B.C.'s health minister says it's wrong for US to prevent 3M from sending N95 masks to Canada - InfoNews

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B.C.'s health minister says it's wrong for US to prevent 3M from sending N95 masks to Canada

Chief provincial health officer Dr. Bonnie Henry speaks at a news conference, Friday, April 3, 2020.
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April 03, 2020 - 3:49 PM

The US order to prevent 3M from exporting its N95 masks to Canada is "wrong for them and it's wrong for us," B.C.'s health minister said today in the daily COVID-19 press conference.

Minnesota-based 3M announced earlier in the day that the Trump administration is trying to prevent it from exporting to Canada the high-grade face masks that are in high demand and dwindling supply around the world as health professionals try to defend themselves against the novel coronavirus.

"COVID 19 doesn’t do well with borders, we want the US to do well. My message today is we shouldn’t respond with retaliation, we shouldn't respond with force, we should ... work together because are we are genuinely in this together," Adrian Dix, health minister, said. "I think parochial action such as this is not consistent with what we need to do with our society."

Pulp for gowns and masks used to make these medical supplies is produced in Nanaimo, but that doesn't mean that the issue should be dealt with in a "tit for tat" manner. It's better to simply support the Prime Minister as his office deals with the issue.

"We need to respond on the science, on effectiveness and on who we are as Canadians," he said. The need for unity was a common theme in today's press conference.

Four more British Columbians have died from COVID-19 in the last 24 hours, raising the death toll to 35.

Dr. Bonnie Henry, chief provincial health officer, said three of the deaths are linked to outbreaks at a pair of care homes: the Lynn Valley Care Centre in North Vancouver and Haro Care Centre in Vancouver.

There were also 53 new cases of the novel coronavirus confirmed, bringing the total number of cases provincewide up to 1,174. Of those cases, 541 were in the Vancouver Coastal health authority, 412 in Fraser Health, 74 cases in Vancouver Island Health, 126 in Interior Health and 21 in Northern Health.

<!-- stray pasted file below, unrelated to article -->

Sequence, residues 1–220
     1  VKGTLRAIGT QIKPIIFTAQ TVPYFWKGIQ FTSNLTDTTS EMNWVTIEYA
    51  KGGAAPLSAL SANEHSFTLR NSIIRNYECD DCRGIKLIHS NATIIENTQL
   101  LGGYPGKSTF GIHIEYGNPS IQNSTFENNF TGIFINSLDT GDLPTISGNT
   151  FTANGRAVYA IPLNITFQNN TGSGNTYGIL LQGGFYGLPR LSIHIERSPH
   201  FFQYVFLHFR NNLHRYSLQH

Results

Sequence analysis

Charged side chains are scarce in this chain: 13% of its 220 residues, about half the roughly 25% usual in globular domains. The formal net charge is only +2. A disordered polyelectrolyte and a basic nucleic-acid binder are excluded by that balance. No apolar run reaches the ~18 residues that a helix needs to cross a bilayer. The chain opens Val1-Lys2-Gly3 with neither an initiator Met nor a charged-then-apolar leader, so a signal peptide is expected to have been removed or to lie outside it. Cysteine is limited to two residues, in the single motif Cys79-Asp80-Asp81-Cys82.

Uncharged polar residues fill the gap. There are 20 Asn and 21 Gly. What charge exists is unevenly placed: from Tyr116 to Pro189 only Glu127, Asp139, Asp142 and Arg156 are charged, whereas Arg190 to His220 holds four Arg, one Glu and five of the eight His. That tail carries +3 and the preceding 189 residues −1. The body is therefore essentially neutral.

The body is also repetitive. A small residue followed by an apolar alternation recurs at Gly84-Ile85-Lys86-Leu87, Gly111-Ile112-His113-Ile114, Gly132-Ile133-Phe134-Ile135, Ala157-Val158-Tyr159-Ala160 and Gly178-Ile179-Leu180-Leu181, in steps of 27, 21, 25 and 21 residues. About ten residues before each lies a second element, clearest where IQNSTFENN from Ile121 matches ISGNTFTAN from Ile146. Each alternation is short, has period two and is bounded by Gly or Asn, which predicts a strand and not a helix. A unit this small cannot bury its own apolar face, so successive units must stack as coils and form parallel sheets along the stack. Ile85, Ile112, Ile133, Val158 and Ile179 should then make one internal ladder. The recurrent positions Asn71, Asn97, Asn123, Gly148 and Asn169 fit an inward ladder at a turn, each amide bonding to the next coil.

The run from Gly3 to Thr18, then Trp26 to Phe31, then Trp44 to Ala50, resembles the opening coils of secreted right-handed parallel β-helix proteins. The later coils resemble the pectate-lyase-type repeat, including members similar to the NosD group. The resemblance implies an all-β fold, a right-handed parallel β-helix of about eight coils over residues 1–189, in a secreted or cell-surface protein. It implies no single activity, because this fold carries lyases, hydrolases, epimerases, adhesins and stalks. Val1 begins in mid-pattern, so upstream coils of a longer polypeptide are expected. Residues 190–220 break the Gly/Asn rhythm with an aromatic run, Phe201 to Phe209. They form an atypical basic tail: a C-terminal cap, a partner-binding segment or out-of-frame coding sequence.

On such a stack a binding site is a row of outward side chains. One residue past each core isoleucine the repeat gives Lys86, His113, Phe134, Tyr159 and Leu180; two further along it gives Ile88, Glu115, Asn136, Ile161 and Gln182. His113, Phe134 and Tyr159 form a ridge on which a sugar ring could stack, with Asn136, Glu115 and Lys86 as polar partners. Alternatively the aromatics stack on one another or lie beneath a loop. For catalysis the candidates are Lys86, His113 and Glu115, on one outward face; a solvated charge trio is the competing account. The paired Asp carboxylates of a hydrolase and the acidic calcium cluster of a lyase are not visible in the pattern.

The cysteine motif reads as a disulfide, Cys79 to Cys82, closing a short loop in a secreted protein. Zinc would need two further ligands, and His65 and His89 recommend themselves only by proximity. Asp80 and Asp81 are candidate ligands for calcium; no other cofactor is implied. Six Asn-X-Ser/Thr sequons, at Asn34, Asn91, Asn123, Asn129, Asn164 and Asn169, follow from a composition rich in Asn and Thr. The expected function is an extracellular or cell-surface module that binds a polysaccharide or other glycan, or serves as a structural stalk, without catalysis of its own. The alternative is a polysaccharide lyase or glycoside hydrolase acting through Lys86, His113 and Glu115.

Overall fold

Henry said that this is the time for British Columbians to stand strong and keep going forward with the hand washing, the isolation and social distancing methods that have been applied in recent weeks.

"This is our time to hold the line," Henry said. "We must be unwavering (in our) commitment to keep the firewall up here in B.C. to keep it up and flatten the curve."

It's the only way to protect families and the elderly, she said. 

"We have to have a united focus for the next while," she said. "We need to toe the line together and keep firewall strong in our communities across the province. We are holding the line for our families and our communities."

We are entering the second incubation since stiffer regulations were put in place to limit the spread of COVID-19, such as travel restrictions, and school closures.

With the first incubation period, Henry said, there were people who were already exposed.

"There was nothing we could do but detect them and take care of them," Henry said. "Now we are seeing 50 people a day who are positive for the disease and some need health care."

Next two weeks will offer a clearer picture of what the infection rate is and whether B.C. has managed to flatten the curve.

When asked why B.C. wasn't offering predictions on the potential death toll, which Ontario did this week Henry pointed out that it's simply not the point of modelling.

"It’s to give you a sense of what should happen in different scenarios," she said, adding there are too many variables at play. For example, in B.C., 24 of 35 deaths from COVID-19 were in long-term care homes.

"You can’t predict that," she said. "We need to know what resources we have so we can give everybody the best chances they can get to survive this disease and have (healthcare available) for everyone else who needs it in B.C."

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